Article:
Wednesday, April 29, 2009

Organic burgers a la Costco

We made hamburgers from the organic ground beef I bought recently from Costco. I used one pound to fashion three burgers and seasoned them with a homemade spice mixture, put them under the broiler for about 20 minutes and served them inside pizza bread.

These were big burgers (they plumped up under the heat). My burger had a slice of Trader Joe's yogurt cheese (with jalapeno) and red onion, and I added ketchup and mustard as I ate. The rest of the meal was a baked potato with salsa, mixed organic vegetables and blood orange soda from Italy (Target) mixed with plain seltzer.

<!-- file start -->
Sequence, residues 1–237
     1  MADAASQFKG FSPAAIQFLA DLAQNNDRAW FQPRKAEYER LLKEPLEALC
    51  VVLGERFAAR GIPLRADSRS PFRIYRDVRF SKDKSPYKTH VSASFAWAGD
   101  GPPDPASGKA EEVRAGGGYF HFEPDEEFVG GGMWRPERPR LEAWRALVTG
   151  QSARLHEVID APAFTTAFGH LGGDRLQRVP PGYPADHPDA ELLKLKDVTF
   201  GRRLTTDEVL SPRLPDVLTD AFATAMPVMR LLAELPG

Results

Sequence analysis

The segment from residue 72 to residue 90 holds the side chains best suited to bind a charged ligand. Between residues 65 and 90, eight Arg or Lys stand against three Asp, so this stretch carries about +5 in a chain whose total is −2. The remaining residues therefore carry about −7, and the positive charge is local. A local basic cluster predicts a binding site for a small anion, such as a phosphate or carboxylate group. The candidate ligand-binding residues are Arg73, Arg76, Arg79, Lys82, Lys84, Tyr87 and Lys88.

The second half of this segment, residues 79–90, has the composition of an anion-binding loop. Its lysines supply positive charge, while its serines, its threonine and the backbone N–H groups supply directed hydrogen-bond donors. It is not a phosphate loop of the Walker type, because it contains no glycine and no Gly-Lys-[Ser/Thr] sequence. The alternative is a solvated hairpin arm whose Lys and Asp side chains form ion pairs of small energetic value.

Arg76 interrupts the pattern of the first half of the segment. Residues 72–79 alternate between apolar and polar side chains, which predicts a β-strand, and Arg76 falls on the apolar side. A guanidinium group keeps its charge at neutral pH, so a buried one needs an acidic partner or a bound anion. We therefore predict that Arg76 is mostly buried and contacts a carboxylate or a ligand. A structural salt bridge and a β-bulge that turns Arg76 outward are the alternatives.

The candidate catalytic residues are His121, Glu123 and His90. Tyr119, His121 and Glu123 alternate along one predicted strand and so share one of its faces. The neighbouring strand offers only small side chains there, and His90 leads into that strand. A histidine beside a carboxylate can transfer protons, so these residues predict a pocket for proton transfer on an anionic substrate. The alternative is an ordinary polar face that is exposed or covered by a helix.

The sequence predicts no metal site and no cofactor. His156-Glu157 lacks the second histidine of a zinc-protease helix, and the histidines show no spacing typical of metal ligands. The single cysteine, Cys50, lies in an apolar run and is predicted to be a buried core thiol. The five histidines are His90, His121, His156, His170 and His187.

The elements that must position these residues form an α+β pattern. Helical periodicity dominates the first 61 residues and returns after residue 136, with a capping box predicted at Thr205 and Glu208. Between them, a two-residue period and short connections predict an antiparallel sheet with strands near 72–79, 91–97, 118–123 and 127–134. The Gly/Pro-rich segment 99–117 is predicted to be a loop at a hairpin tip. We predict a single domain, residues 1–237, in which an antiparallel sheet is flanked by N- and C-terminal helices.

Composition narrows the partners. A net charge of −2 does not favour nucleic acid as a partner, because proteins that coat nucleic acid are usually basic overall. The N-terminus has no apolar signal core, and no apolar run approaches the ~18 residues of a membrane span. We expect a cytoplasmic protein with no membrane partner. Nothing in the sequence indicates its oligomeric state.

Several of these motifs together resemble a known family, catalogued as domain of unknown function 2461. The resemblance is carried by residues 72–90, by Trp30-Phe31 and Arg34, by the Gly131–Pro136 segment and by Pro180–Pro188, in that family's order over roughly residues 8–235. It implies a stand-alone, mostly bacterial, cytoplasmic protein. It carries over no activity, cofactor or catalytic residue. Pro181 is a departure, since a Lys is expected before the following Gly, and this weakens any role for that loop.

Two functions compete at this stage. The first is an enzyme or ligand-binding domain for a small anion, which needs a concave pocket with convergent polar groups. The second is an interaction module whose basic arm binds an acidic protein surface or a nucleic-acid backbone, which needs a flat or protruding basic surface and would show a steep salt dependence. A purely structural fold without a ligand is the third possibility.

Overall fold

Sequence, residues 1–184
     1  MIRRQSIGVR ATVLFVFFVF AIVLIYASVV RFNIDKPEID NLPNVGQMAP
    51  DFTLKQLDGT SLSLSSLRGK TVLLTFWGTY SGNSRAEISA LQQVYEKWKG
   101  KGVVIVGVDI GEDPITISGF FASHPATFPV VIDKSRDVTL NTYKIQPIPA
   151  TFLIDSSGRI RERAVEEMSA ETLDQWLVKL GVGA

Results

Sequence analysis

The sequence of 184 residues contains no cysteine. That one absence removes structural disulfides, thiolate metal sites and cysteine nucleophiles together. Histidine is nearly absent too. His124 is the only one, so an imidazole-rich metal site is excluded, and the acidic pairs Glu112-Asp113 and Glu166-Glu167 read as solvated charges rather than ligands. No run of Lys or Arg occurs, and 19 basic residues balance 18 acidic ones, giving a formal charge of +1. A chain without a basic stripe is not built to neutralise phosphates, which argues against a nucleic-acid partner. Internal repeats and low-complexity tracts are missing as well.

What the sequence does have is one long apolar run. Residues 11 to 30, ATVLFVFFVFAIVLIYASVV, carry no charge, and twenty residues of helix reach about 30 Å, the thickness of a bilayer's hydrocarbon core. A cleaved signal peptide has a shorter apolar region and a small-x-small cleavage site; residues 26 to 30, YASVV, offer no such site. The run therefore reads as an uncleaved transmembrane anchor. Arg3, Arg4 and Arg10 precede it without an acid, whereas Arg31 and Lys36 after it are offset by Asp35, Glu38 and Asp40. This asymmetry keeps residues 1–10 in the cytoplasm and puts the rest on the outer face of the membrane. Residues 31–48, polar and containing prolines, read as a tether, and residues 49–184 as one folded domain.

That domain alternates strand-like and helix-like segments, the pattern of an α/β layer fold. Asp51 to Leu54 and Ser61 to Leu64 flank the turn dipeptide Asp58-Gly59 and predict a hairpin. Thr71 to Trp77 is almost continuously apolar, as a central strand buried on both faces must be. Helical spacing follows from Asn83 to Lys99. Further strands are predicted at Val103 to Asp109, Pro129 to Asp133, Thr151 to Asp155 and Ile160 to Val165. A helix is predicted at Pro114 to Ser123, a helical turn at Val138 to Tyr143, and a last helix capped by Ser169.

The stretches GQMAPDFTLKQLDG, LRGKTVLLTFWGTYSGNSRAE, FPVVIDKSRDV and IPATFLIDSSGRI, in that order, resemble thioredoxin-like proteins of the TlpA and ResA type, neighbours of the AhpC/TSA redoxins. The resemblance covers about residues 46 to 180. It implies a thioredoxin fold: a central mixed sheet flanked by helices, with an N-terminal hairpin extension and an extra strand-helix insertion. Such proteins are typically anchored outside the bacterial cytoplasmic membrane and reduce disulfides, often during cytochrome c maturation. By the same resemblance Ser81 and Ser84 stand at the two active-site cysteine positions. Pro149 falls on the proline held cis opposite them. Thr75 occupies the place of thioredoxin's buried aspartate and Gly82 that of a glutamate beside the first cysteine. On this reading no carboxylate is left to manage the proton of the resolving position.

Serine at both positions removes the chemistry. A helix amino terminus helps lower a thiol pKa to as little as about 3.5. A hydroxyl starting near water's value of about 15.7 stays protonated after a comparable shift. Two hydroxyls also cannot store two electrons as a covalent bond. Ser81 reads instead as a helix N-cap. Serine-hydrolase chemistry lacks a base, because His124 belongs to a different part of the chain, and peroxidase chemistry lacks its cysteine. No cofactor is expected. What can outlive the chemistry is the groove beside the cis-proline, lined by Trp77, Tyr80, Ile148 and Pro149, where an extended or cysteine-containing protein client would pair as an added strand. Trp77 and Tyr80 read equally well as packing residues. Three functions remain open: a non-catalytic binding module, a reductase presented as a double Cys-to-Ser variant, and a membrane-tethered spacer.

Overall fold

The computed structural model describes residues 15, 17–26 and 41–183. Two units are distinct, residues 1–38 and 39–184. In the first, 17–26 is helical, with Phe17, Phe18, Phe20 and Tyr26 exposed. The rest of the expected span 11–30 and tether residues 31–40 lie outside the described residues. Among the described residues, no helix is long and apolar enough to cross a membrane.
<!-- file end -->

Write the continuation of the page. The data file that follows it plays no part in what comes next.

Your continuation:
The burgers were tasty, even though I cooked them through, and came with the assurance of no antibiotics or growth hormones. Cost: $4.33 for the meat, so the entire meal for three probably cost $7 to $8.

Saturday, April 25, 2009

In search of real beef

My 11-year-old son's favorite meal out is cooking Korean barbecue on a grill in the middle of the table. But because my wife and me are trying to eat as little beef as possible, we often go to a Korean tofu house or a Korean restaurant that doesn't require a minimum of two orders of beef.

I read that Prime & Beyond, an expensive Korean butcher shop in Fort Lee, had added tables with grills. We dropped by today, but they said they don't serve the meat with lettuce leaves, as most Korean barbecue places do. We looked at the price list. Boneless steak started at $39.99 a pound. True, this is prime beef, the highest USDA grade, but it has the most fat and there is no indication whether it was raised with antibiotics and growth hormones. The shop also carries what it calls American Kobe-style beef, raised without antibiotics and hormones ($39 for a ribeye dinner).